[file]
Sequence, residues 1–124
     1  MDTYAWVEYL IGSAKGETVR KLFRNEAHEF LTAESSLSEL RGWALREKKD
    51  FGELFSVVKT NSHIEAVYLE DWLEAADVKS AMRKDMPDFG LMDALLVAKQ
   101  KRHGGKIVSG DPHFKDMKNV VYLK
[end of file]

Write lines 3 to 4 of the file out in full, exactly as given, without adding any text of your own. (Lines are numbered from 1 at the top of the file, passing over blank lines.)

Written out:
    51  FGELFSVVKT NSHIEAVYLE DWLEAADVKS AMRKDMPDFG LMDALLVAKQ
   101  KRHGGKIVSG DPHFKDMKNV VYLK